Senate reject government draft of anti-terrorism law

Pukhtun Nama Web News

The Pakistani government has failed to get a bill from the Senate on anti-terrorism legislation, and the Senate has overwhelmingly rejected the bill, which the government had approved in the National Assembly the day before.

On Wednesday, the government presented a draft of amendments to the Anti-Terrorism Law to the Senate, with 31 members voting in favor and 34 against.

On Tuesday, the National Assembly had approved the draft law by a majority of votes.

The draft amendment to the Prevention of Terrorism Act is part of the government’s efforts to avoid sanctions imposed by the Financial Action Task Force FATF.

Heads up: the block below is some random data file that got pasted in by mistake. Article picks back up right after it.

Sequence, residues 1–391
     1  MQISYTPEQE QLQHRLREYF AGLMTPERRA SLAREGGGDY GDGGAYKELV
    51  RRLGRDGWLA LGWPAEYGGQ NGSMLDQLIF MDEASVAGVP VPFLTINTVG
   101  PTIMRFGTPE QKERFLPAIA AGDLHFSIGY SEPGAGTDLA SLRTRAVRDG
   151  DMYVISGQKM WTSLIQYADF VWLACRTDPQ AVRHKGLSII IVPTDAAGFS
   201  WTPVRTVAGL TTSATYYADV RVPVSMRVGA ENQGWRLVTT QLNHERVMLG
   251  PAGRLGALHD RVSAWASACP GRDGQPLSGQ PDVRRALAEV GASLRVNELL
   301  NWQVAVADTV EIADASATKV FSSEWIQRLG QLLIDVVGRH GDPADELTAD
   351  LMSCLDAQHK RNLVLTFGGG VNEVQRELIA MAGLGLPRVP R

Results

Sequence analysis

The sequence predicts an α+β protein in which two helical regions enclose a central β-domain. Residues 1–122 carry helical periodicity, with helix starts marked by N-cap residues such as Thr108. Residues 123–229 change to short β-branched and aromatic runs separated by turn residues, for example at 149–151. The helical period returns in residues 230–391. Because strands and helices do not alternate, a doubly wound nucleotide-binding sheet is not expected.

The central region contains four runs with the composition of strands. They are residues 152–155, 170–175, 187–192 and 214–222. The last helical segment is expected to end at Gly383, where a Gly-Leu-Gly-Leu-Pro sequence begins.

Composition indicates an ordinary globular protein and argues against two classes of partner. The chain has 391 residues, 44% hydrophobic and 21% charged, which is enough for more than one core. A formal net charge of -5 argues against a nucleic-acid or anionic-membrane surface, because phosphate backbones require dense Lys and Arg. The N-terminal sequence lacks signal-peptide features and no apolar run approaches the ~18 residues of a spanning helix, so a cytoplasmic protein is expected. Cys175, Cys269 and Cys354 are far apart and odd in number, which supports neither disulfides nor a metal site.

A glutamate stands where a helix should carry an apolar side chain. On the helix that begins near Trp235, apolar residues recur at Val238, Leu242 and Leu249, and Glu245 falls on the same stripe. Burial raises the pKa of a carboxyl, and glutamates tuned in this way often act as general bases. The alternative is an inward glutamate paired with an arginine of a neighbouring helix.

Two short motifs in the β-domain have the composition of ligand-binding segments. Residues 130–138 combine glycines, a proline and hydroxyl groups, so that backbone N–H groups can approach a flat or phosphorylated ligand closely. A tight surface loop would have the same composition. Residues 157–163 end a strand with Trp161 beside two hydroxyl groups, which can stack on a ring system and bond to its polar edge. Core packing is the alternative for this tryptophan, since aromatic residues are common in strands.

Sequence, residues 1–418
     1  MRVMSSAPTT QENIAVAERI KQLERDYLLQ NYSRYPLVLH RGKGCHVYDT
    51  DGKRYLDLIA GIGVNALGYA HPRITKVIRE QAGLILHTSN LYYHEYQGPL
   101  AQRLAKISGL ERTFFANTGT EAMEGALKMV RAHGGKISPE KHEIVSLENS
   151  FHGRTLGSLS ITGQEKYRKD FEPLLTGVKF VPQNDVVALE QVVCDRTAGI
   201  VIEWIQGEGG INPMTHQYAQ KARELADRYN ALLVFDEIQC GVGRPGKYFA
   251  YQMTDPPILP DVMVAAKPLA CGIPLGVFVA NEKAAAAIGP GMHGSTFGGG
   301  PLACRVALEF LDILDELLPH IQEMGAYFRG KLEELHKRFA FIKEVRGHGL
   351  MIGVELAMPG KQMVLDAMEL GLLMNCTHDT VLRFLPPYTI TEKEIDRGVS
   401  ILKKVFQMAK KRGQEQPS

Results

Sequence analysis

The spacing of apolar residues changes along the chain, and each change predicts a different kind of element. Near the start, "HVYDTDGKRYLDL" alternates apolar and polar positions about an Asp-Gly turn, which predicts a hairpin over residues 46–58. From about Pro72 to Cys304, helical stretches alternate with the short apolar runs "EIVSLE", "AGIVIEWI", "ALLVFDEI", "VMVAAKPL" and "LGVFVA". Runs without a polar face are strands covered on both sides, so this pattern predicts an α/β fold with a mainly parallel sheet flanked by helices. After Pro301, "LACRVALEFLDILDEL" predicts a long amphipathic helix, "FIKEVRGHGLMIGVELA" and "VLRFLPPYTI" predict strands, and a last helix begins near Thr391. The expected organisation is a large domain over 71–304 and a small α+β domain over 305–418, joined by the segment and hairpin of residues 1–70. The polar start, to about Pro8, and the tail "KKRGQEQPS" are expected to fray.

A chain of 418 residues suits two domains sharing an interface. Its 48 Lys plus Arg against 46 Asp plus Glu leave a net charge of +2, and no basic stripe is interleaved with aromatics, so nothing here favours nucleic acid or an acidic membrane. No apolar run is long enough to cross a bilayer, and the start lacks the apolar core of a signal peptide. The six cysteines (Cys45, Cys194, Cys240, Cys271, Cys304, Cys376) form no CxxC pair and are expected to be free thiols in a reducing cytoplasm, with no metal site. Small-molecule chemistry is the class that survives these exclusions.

In this draft law of change, the government wants the investigating officer in each case to have the authority to determine the amount used for terrorist purposes using certain techniques for up to two months with the permission of the court.

These techniques include covert operations, communications detection, and computer system evaluation.

The draft stipulates that if the investigating officer does not find out all this within two months, the court may seek permission for an extension of two months.

A joint session of Pakistan’s Senate and National Assembly has been convened today to legislate on the FATF, and Pakistani media say the government will approve the bill in a joint sitting of parliament.

Pakistan is currently on the FATF’s gray list, and analysts say that unless the country takes concrete steps to curb money laundering and terrorist financing, Pakistan’s name will be added to the blacklist.